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Here is the latest OCaml Weekly News, for the week of May 23 to 30, 2017.

  1. BuckleScript 1.7.4
  2. New version (1.3) of interval programming library
  3. utop 2.0.0
  4. From the OCaml discourse
  5. Ocaml Github Pull Requests

BuckleScript 1.7.4


Hongbo Zhang announced:
BuckleScript is an optimizing compiler for OCaml to generate readable
JavaScript, it is open sourced by Bloomberg [1].

Main highlights:

1) Create a BuckleScript project and build it in a single command(works on all
platforms with zero dependencies including Windows)
  npm install -g bs-platform && bsb -init hello && cd hello && npm run build

2. Adding several modules to Js namespace, including Option, Result, List and
Vector. Note it is still work in progress, but these libraries are optimized for
both performance and size, they can provide an even smaller code size than
current case.
Currently the BuckleScript compiler can already output very small JS size, the
Mario Game(, only cost 7K gzipped JS size,
with a specialized library, we believe it will generate even smaller and more
efficient JS code.

Documentation is available here:

A list of changes:

Happy hacking in OCaml!  -- Hongbo


New version (1.3) of interval programming library


Jean-Marc Alliot announced:
Interval computation library for ocaml, version 1.3, release date 26/05/2017.
The download link is here:

This library uses assembly code to compute all operations with proper roundings
(high/low), and currently ONLY works on INTEL processors. The package has been
developped for linux systems but it looks like it is now working properly with
Windows and MacOs, and with gcc and clang.

Documentation is available in the doc/ directory in html, pdf and dvi formats.
It is extremely wise to read the whole documentation, even if you intend to only
use the interval module, because of the"strange behavior" of the x87

To build and test, read the README file in the main directory.

Tests are available in the TESTS/ directory. They are mainly for debugging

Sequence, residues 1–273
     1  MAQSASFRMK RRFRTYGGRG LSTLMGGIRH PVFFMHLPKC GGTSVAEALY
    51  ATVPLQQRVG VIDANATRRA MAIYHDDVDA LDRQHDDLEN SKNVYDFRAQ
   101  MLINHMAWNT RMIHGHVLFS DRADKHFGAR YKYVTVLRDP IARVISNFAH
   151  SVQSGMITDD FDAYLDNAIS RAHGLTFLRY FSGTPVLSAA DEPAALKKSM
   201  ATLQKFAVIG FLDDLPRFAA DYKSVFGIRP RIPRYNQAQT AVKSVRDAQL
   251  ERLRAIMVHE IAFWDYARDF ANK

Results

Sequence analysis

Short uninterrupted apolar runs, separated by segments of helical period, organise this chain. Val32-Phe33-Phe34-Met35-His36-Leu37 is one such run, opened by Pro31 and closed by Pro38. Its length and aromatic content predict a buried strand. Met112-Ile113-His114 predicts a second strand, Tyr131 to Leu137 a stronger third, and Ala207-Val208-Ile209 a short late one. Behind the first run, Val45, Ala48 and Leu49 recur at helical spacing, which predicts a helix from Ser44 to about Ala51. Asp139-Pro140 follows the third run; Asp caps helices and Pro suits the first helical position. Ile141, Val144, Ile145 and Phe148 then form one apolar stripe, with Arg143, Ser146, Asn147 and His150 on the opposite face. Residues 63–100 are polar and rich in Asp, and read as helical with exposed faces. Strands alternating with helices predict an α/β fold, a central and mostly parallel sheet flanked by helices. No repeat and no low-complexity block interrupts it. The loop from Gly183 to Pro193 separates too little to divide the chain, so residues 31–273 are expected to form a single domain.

purpose and quite complicated. You may run them to check that everything is
working properly for your machine. The test program runs also a speed test
program for your particular architecture.

Examples are available in the EXAMPLES/ directory. There is a B_AND_B
sub-directory with an example of a branch-and-bound algorithm that uses interval
arithmetics for function optimization (the example is for the Griewank function,
but you can substitute any function you like).

All bug reports should be sent to:

Happy interval programming...

utop 2.0.0


Jeremie Dimino announced:
I'm happy to announce the release of utop 2.0.0. This release contains
several useful features contributed by users. The bump in major
version reflects the fact that support for camlp4 was dropped in this
release. Moreover utop no longer supports OCaml versions older than

I thank all the contributors that participated in this release by
submitting patches to utop and lambda-term:

- Andrea Richiardi
- Andrew Ray
- Christopher Mcalpine
- Deokhwan Kim
- Fabian Bonk
- Fabian Hemmer
- Leonid Rozenberg
- Léon van Velzen
- github user zhenya1007

New features

Here is the list of new features available in utop 2.0.0:

* Add `-implicit-bindings` option to automatically bind expressions to names
  `_0`, `_1` and so on. For example, `3 + 4;;` becomes `let _0 = 3 + 4;;`
  (#161, #193, Fabian Hemmer)
* Add tab completion for `#mod_use` (#181, Leonid Rozenberg)
* Mention `#help` in `#utop_help` (#190, Fabian Hemmer)
* Add `#utop_stash` and `#utop_save` to save the session to a file
  (#169, #199, Christopher Mcalpine and Fabian Hemmer)
* Add support for reason in the Emacs mode (#206, Andrea Richiardi)

And the rest of the changes:

* Fix a bug where utop wouldn't apply ppx rewriters when running in
  emacs (Bug report: #192, fix: #202, Deokhwan Kim)
* Refactor the use of hooks to support the various OCaml Emacs mode
  (#201, Andrea Richiardi)
* Drop support for camlp4/camlp5
* Drop support for OCaml <= 4.01
* Switch the build system to jbuilder
* Resurect `UTop_main.interact`

Additionally, some new features come from changes in
lambda-term. Following is the changelog for lambda-term 1.11 which was